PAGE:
U.S.-based crypto company Ripple no longer derives most of its income from America and is looking to expand its reach in Europe, its top lawyer said.
Speaking in an interview with CNBC earlier this week, Ripple General Counsel Stuart Alderoty said that “effectively, Ripple is operating outside of the U.S.” today due to the fallout from its extensive legal fight with the Securities and Exchange Commission.
“Essentially, its customers and its revenue are all driven outside of the U.S., even though we still have a lot of employees inside of the U.S.,” he added.
At the same time, Ripple is expanding its presence in Europe.
The startup has two employees on the ground in the Republic of Ireland currently. It is seeking a virtual asset service provider (VASP) license from the Irish central bank so that it can “passport” its services throughout the Eurpean Union via an entity based there, Alderoty told CNBC.
Ripple also plans to file an application for an electronic money license in Ireland “shortly.” Its commitment to invest in Europe comes despite a deep downturn in crypto markets that’s been referred to as “crypto winter.”
The Irish central bank previously handed a VASP license to crypto exchange Gemini.
Ripple, which helps financial institutions move money around the world using blockchain technology, has over 750 employees globally, with roughly half of them based in the U.S. About 60 are based in its London office, which Alderoty was visiting this week during a trip to the U.K. for its annual Swell event.
SEC ruling expected in 2023
In 2020, the U.S. Securities and Exchange Commission initiated a lawsuit against Ripple alleging the company and its executives illegally sold XRP, a cryptocurrency its founders created in 2012, to investors without first registering it as a security.
Ripple disputes the claim, saying the token should not be considered an investment contract and is used in its business to facilitate cross-border transactions between banks and other financial institutions.
Alderoty said he expects a ruling on the case to arrive in the first half of 2023. Final legal briefs are due by Nov. 30, after which a judge can either make a ruling or refer it to a jury trial if they find there are any issues of disputed fact.
“We are at the beginning of the end of the process in our case,” Alderoty said.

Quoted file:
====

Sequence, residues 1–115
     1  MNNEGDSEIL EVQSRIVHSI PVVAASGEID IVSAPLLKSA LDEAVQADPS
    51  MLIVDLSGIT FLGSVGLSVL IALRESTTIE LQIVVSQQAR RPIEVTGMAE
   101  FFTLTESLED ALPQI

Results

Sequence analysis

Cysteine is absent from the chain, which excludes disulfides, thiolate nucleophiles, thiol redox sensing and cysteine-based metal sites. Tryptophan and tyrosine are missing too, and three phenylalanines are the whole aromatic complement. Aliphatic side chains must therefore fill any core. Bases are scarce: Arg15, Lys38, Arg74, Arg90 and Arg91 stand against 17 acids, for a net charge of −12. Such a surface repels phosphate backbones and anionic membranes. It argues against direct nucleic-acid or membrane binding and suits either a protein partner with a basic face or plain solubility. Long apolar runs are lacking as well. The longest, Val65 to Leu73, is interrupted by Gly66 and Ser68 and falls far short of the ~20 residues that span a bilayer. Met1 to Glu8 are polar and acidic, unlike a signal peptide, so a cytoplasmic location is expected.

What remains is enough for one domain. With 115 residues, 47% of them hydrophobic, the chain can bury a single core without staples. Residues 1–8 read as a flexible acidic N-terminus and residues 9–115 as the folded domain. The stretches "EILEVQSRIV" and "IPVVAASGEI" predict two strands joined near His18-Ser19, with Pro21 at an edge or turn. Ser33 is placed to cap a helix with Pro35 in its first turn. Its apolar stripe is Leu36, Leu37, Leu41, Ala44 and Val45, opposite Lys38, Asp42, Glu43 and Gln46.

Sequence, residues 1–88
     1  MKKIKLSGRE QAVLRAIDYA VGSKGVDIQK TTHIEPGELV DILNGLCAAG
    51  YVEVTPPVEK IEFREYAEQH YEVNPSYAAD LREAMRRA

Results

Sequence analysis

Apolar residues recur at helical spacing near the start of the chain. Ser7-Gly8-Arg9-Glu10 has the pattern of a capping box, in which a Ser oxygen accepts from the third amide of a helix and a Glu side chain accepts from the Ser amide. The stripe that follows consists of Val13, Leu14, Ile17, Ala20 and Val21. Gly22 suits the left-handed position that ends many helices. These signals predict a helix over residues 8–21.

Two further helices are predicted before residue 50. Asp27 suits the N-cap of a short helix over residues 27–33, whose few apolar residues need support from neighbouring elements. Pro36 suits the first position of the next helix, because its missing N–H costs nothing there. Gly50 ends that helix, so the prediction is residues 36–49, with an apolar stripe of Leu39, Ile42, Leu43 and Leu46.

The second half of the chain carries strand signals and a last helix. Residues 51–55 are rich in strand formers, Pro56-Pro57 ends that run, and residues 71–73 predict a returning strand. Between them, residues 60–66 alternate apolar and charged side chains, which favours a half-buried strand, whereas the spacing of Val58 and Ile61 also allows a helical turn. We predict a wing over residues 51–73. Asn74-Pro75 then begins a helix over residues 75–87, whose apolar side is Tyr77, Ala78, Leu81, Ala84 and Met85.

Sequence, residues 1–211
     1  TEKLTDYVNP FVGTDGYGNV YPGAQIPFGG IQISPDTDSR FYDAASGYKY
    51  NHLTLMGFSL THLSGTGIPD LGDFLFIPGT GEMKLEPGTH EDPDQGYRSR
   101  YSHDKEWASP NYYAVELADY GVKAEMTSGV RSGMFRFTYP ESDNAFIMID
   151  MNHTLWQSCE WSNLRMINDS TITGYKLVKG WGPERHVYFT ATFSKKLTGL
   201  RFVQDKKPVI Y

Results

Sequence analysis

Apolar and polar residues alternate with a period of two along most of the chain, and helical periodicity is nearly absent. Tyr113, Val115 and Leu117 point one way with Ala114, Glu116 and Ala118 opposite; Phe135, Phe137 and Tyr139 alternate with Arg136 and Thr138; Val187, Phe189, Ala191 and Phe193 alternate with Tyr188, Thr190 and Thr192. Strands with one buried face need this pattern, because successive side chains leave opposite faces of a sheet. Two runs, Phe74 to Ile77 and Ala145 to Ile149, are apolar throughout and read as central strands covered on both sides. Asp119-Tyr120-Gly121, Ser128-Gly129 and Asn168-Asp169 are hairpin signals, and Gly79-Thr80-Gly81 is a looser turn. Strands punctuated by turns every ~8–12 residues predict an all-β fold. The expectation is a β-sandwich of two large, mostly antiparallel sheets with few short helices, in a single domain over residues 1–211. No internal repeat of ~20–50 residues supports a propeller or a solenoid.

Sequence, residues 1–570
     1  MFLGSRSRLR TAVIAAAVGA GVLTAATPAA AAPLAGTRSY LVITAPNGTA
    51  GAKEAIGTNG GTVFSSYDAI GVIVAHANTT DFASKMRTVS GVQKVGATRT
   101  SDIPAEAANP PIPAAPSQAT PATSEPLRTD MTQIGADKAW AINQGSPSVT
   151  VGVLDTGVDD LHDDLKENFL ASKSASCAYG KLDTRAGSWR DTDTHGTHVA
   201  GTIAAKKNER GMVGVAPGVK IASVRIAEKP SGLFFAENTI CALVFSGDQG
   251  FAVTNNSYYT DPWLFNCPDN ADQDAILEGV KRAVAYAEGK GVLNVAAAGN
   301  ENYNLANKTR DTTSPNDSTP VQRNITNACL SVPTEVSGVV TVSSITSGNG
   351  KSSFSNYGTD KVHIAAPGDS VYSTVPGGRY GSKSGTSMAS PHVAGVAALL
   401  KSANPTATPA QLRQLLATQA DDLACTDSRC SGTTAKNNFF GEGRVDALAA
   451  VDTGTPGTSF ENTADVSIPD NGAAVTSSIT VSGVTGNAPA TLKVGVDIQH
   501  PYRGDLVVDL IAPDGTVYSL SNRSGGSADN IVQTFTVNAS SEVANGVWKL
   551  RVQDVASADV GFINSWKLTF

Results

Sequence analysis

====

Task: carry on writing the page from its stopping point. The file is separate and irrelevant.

As part of the proceedings, Ripple fought to obtain documents related to a June 2018 speech from former SEC official Bill Hinman, which it says has aided its case. In the speech, Hinman says that sales of ether, a rival token, “are not securities transactions.”
Despite its tense dispute with the SEC, Ripple is still “work very closely with policymakers in the U.S.,” Alderoty said.
XRP was once the third-largest cryptocurrency, commanding a $120 billion market value in early 2018. It has dropped sharply since, however, amid U.S. regulatory scrutiny and a wider downturn in bitcoin and other digital currencies.
Last week, the shock collapse of Sam Bankman-Fried’s crypto exchange FTX sent cryptocurrencies into a tailspin. Bankman-Fried’s investment firm allegedly used FTX client funds to make risky trades, CNBC reported previously. The company spiraled into a liquidity crisis as customers demanded withdrawals and rival exchange Binance scrapped its nonbinding agreement to buy the company.
Bankman-Fried has said he got “overconfident” and “careless” as he grew FTX into a $32 billion juggernaut. He said that, to the best of his knowledge, he thought FTX had built up around $5 billion of leverage, when in actuality it was around $13 billion.
Alderoty said FTX’s bankruptcy was “a call to action for responsible economic centers to work to get it right.”
On Wednesday, Ripple CEO Brad Garlinghouse told CNBC that the idea that crypto is not regulated is “overstated.” But, he added, “transparency builds trust.”
“Crypto has never just been sunshine and roses and as an industry, it needs to mature,” Garlinghouse said on CNBC’s “Squawk Box Europe.”
Ripple is unlikely to refer to the FTX collapse and how it was handled by regulators in its case, Alderoty added.
Some of the confusion surrounding XRP stems from the company’s part ownership of the token. Ripple previously held as much as 60% of the XRP tokens in circulation. It has since reduced that amount to below half, or 49%, according to Alderoty.
Ripple generates a chunk of its sales by releasing its supply of XRP on the open market. For the last three years, it only has only sold XRP to enterprise customers rather than retail traders, Alderoty said.
As a private company, Ripple doesn’t disclose its revenues publicly. This year, the firm processed $10 billion in cross-border transactions with payment providers and other financial institutions using XRP, a token it is closely associated with.
Ripple, the company, was last valued by investors at $15 billion. XRP has a market capitalization of $19 billion, according to CoinMarketCap data.
Ripple’s European expansion drive comes in anticipation of the EU’s MiCA crypto regulations going into effect in the coming years. MiCA seeks to align rules on crypto assets across the 27-member bloc. It was passed by EU lawmakers earlier this year.
The EU has said it may still need to come up with a separate regime for nonfungible tokens, or NFTs, a specific type of digital asset that tracks ownership of art and other assets on the blockchain.
“I think MiCA’s a very good start,” Alderoty said.
The U.K. is also a priority. Ripple on Monday released a set of guidelines outlining how it thinks Britain should regulate crypto.
A bill is making its way through the U.K. Parliament that would give the financial regulator greater oversight of crypto, however this is yet to become law.
Crypto executives are hoping Prime Minister Rishi Sunak, who is a fan of crypto and so-called “Web3,” will issue regulatory clarity to make the country a more attractive place for businesses to set up shop.